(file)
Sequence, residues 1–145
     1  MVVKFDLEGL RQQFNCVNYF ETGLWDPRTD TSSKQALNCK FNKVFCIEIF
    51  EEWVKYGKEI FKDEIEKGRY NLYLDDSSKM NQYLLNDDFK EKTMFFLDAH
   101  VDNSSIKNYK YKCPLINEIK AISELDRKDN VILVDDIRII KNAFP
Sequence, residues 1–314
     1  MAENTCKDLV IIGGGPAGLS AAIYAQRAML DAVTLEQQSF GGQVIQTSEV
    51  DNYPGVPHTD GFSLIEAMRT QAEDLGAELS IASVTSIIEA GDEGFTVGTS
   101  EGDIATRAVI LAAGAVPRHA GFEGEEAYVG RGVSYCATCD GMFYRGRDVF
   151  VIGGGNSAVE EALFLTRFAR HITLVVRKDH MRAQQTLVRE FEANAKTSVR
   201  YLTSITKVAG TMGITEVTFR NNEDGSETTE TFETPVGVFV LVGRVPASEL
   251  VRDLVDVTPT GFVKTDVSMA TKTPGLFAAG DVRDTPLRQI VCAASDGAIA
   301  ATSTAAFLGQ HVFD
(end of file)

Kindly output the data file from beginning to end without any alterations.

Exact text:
Sequence, residues 1–145
     1  MVVKFDLEGL RQQFNCVNYF ETGLWDPRTD TSSKQALNCK FNKVFCIEIF
    51  EEWVKYGKEI FKDEIEKGRY NLYLDDSSKM NQYLLNDDFK EKTMFFLDAH
   101  VDNSSIKNYK YKCPLINEIK AISELDRKDN VILVDDIRII KNAFP
Sequence, residues 1–314
     1  MAENTCKDLV IIGGGPAGLS AAIYAQRAML DAVTLEQQSF GGQVIQTSEV
    51  DNYPGVPHTD GFSLIEAMRT QAEDLGAELS IASVTSIIEA GDEGFTVGTS
   101  EGDIATRAVI LAAGAVPRHA GFEGEEAYVG RGVSYCATCD GMFYRGRDVF
   151  VIGGGNSAVE EALFLTRFAR HITLVVRKDH MRAQQTLVRE FEANAKTSVR
   201  YLTSITKVAG TMGITEVTFR NNEDGSETTE TFETPVGVFV LVGRVPASEL
   251  VRDLVDVTPT GFVKTDVSMA TKTPGLFAAG DVRDTPLRQI VCAASDGAIA
   301  ATSTAAFLGQ HVFD